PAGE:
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By D. Shayne Christie
Arizona Daily Wildcat
September 10, 1997

Student claims discrimination

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Ryan A. Mihalyi
Arizona Daily Wildcat

UA Spanish sophomore Jeremy Edgar says he was discriminated against because of his ethnicity by Professor June Jaramillo when he tried to sign up for Spanish for Native Speakers. Jaramillo claims that she was going by department policy.

Jeremy Edgar came to the UA to study Spanish after spending a year in Argentina learning the language. With that under his belt, and a perfect score on the College Level Examination Program test, he figured he would have no problem getting into Spanish 343 - Phonetics for Native Speakers of Spanish.

However, he was not allowed into Professor June Jaramillo's class, and Edgar said he is being discriminated against because he is white.

Edgar said Jaramillo singled him out immediately and tested his Spanish skills because he was "white." He said her attitude was that he simply did not belong there.

"The way she treated me and humiliated me in front of the class was not very professional," he said.

Other students in the class supported him and at least one student wrote a letter to the department protesting the professor's actions, Edgar said.

He also said Jaramillo would not give him her room number or office hours. So he went to Malcolm Compitello, head of the department of Spanish and Portuguese.

"He (Compitello) said 'No, you belong in that native speaker class.' He said a major is grounds for me to be in that class," Edgar said.

Compitello would neither verify that statement, nor would he discuss any specifics about the incident.

Edgar, a Spanish sophomore, went back to the class after speaking with Compitello, and said, "The second time it was worse."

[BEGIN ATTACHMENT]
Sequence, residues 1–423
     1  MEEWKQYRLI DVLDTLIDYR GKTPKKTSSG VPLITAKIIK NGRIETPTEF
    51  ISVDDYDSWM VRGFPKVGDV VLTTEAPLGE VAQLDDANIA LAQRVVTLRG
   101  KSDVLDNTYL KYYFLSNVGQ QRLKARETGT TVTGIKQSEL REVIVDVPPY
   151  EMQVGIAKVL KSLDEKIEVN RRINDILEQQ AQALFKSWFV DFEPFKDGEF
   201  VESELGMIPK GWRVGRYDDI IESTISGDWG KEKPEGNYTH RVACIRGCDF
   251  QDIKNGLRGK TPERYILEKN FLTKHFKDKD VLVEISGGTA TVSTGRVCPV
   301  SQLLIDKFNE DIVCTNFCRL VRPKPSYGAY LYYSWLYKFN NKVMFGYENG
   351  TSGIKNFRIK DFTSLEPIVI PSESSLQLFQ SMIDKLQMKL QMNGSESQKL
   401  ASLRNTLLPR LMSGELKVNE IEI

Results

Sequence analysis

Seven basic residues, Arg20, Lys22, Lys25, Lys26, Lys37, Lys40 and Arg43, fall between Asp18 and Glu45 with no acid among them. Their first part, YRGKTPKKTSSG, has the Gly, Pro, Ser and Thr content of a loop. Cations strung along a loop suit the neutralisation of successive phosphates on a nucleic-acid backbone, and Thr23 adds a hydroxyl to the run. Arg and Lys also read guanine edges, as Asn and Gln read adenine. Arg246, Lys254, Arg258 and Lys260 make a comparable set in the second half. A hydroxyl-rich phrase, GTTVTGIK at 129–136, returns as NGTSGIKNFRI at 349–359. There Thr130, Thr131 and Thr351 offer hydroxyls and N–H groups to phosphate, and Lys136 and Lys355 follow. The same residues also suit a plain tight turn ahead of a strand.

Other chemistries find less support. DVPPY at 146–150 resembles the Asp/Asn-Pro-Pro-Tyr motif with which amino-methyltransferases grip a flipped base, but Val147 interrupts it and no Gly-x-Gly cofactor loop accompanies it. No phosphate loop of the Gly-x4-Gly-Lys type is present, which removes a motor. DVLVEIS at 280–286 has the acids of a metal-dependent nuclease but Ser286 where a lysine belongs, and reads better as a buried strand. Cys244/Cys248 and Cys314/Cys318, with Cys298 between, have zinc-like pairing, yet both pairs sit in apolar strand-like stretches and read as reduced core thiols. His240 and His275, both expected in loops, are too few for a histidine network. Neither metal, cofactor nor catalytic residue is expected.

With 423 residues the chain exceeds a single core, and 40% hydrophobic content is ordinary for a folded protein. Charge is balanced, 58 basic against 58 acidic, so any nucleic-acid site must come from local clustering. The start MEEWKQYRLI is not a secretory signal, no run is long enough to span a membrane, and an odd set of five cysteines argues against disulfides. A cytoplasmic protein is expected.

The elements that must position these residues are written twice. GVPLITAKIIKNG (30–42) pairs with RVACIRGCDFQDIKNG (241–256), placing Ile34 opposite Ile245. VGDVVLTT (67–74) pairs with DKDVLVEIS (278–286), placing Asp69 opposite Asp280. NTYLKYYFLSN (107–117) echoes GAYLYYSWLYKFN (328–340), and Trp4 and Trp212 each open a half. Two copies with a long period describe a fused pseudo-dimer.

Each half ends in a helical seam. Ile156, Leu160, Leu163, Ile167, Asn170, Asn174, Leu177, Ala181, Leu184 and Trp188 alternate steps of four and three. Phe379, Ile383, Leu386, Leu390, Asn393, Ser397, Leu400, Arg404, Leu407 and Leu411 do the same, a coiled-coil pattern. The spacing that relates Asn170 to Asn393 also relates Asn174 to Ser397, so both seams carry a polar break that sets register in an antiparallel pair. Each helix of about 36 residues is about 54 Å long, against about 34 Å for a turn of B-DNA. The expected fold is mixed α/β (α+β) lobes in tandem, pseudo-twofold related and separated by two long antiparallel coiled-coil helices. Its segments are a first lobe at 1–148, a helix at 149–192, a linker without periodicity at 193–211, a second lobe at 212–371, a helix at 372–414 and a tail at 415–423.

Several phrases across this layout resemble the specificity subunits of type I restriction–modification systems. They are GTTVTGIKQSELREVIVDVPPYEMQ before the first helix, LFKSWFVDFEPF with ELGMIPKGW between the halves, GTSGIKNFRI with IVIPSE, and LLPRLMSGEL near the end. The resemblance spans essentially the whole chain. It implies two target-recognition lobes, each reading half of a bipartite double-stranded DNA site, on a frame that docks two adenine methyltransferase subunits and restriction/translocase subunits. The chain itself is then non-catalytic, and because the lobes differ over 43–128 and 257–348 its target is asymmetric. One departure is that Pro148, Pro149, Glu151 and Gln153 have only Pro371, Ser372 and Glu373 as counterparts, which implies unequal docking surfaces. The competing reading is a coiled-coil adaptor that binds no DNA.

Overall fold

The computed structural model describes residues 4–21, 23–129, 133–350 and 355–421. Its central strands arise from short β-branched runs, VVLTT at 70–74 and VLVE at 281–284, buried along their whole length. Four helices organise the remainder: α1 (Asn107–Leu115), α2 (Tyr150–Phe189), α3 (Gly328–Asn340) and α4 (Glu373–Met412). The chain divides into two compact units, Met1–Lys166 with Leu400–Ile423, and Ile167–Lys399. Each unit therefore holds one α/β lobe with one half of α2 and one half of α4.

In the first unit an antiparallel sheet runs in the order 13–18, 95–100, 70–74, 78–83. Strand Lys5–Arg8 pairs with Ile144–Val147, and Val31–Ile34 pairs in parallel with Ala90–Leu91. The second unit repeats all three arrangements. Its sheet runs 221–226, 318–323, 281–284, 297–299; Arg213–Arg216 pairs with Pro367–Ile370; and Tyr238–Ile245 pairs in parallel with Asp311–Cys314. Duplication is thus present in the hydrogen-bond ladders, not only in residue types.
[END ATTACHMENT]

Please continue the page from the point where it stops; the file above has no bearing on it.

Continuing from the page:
"I told her she discriminated against me - she said you are being discriminated against by your own kind."

Jaramillo said Edgar would do best in a non-native speakers' class, and felt that he still needed to work on his accent.

Edgar has since moved into Spanish 340, the non-native equivalent taught by Mary Zampini.

"His Spanish is very good, I don't think he would have a problem competing with others (in Spanish 343)," Zampini said.

Compitello said he tried to enroll Edgar in a higher level class above 343, but none of them fit into his schedule.

Edgar said he wants a precise definition of "native speaker" from the department.

The department's own literature states, " Spanish for Native Speakers program consists of a series of courses for the student who grew up listening to Spanish in a natural environment, for example, in the home with relatives or within the community."

Jaramillo said native speaker classes teach Spanish differently from normal classes, and said her statement that he was being "discriminated against by your own kind" was meant to point out he would be better educated in a non-native class.

Her decision to exclude Edgar from the class was based on the department's own policy, and she contends the department is intentionally sending her students who do not belong in a native speakers class in an attempt to make her look bad.

She said since starting at UA in 1990 she has experienced discrimination and harassment because she is "Chicana."

Jaramillo is filing a suit against the University of Arizona for denying her tenure and also is filing a complaint with the UA's affirmative action office.

"This department has a long history of anti-Chicano sentiments," said Jaramillo, who said she is the "only Chicana in the department."

She also said Hispanic women are rarely awarded tenure in the department.

Compitello categorically denied the allegations.

He said there are more Mexican Americans in the department than any other nationality. There are six or seven tenured men, and three tenured women - one of which is Mexican American, he said.

"I think the university judges each individual case on its merits," Compitello said.

Edgar went to the Dean of Students Melissa Vito with his complaint, but she said it is too early to say whether this is a case of discrimination.

"This is the kind of issue that a lot of times students come to talk to us about," Vito said.

Edgar submitted his complaint in writing to Compitello, and is pursuing the matter with Charles Tatum, dean of the College of Humanities.

Nobody at Tatum's office was available for comment.

Edgar has not filed an official discrimination complaint, Compitello said.

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